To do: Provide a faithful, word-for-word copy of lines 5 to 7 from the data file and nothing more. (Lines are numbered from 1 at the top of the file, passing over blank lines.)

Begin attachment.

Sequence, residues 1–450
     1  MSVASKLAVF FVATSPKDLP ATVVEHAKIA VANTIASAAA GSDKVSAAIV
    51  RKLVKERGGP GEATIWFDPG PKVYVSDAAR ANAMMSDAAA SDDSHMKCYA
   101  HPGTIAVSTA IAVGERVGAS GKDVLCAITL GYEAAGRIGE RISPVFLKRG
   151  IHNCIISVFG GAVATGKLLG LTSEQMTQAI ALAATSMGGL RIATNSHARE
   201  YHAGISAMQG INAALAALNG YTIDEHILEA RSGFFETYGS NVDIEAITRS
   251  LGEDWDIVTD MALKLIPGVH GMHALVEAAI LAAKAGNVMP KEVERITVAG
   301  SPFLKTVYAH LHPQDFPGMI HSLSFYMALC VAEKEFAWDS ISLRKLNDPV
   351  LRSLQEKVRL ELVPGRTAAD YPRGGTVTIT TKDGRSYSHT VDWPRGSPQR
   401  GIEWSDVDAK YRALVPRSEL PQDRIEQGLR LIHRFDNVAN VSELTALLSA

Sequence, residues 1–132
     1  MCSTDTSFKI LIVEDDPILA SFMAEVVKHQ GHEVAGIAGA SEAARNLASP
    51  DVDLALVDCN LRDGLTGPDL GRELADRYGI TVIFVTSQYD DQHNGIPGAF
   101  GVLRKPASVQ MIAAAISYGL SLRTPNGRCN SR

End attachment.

   151  IHNCIISVFG GAVATGKLLG LTSEQMTQAI ALAATSMGGL RIATNSHARE
   201  YHAGISAMQG INAALAALNG YTIDEHILEA RSGFFETYGS NVDIEAITRS
   251  LGEDWDIVTD MALKLIPGVH GMHALVEAAI LAAKAGNVMP KEVERITVAG